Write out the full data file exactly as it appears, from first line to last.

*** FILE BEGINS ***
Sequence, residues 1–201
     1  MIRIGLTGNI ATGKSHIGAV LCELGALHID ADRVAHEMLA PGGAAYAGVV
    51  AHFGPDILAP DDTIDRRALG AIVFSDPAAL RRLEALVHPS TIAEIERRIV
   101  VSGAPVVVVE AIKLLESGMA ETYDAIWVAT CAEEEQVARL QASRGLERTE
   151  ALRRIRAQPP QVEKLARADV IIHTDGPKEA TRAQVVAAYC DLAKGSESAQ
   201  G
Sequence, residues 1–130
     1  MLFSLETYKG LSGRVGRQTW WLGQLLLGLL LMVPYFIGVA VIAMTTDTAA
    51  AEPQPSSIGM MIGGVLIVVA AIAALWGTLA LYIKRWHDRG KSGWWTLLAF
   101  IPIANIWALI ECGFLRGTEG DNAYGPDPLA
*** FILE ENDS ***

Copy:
Sequence, residues 1–201
     1  MIRIGLTGNI ATGKSHIGAV LCELGALHID ADRVAHEMLA PGGAAYAGVV
    51  AHFGPDILAP DDTIDRRALG AIVFSDPAAL RRLEALVHPS TIAEIERRIV
   101  VSGAPVVVVE AIKLLESGMA ETYDAIWVAT CAEEEQVARL QASRGLERTE
   151  ALRRIRAQPP QVEKLARADV IIHTDGPKEA TRAQVVAAYC DLAKGSESAQ
   201  G
Sequence, residues 1–130
     1  MLFSLETYKG LSGRVGRQTW WLGQLLLGLL LMVPYFIGVA VIAMTTDTAA
    51  AEPQPSSIGM MIGGVLIVVA AIAALWGTLA LYIKRWHDRG KSGWWTLLAF
   101  IPIANIWALI ECGFLRGTEG DNAYGPDPLA